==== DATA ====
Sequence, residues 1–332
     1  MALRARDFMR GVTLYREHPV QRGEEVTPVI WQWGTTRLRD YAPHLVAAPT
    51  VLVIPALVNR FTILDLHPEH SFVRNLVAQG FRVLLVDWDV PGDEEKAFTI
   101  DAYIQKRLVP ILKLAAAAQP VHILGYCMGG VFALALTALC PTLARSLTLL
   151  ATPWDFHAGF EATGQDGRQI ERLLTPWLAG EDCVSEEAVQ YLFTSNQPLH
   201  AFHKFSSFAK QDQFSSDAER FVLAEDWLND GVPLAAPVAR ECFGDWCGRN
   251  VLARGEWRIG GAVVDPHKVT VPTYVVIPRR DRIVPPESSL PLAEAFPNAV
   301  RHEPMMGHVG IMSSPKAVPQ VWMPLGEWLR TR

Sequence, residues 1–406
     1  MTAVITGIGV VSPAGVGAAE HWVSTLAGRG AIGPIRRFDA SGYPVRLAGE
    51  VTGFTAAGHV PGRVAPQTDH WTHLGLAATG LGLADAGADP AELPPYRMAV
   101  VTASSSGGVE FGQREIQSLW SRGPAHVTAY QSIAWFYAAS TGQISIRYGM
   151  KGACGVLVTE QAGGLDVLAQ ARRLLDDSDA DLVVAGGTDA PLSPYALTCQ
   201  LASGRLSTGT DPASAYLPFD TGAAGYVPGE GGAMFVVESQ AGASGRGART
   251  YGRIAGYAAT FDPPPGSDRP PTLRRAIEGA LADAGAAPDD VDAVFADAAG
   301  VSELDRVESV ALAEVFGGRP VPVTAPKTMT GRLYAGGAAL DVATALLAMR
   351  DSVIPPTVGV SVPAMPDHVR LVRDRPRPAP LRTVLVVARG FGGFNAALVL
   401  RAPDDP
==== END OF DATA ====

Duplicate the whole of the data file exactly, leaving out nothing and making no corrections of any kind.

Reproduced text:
Sequence, residues 1–332
     1  MALRARDFMR GVTLYREHPV QRGEEVTPVI WQWGTTRLRD YAPHLVAAPT
    51  VLVIPALVNR FTILDLHPEH SFVRNLVAQG FRVLLVDWDV PGDEEKAFTI
   101  DAYIQKRLVP ILKLAAAAQP VHILGYCMGG VFALALTALC PTLARSLTLL
   151  ATPWDFHAGF EATGQDGRQI ERLLTPWLAG EDCVSEEAVQ YLFTSNQPLH
   201  AFHKFSSFAK QDQFSSDAER FVLAEDWLND GVPLAAPVAR ECFGDWCGRN
   251  VLARGEWRIG GAVVDPHKVT VPTYVVIPRR DRIVPPESSL PLAEAFPNAV
   301  RHEPMMGHVG IMSSPKAVPQ VWMPLGEWLR TR

Sequence, residues 1–406
     1  MTAVITGIGV VSPAGVGAAE HWVSTLAGRG AIGPIRRFDA SGYPVRLAGE
    51  VTGFTAAGHV PGRVAPQTDH WTHLGLAATG LGLADAGADP AELPPYRMAV
   101  VTASSSGGVE FGQREIQSLW SRGPAHVTAY QSIAWFYAAS TGQISIRYGM
   151  KGACGVLVTE QAGGLDVLAQ ARRLLDDSDA DLVVAGGTDA PLSPYALTCQ
   201  LASGRLSTGT DPASAYLPFD TGAAGYVPGE GGAMFVVESQ AGASGRGART
   251  YGRIAGYAAT FDPPPGSDRP PTLRRAIEGA LADAGAAPDD VDAVFADAAG
   301  VSELDRVESV ALAEVFGGRP VPVTAPKTMT GRLYAGGAAL DVATALLAMR
   351  DSVIPPTVGV SVPAMPDHVR LVRDRPRPAP LRTVLVVARG FGGFNAALVL
   401  RAPDDP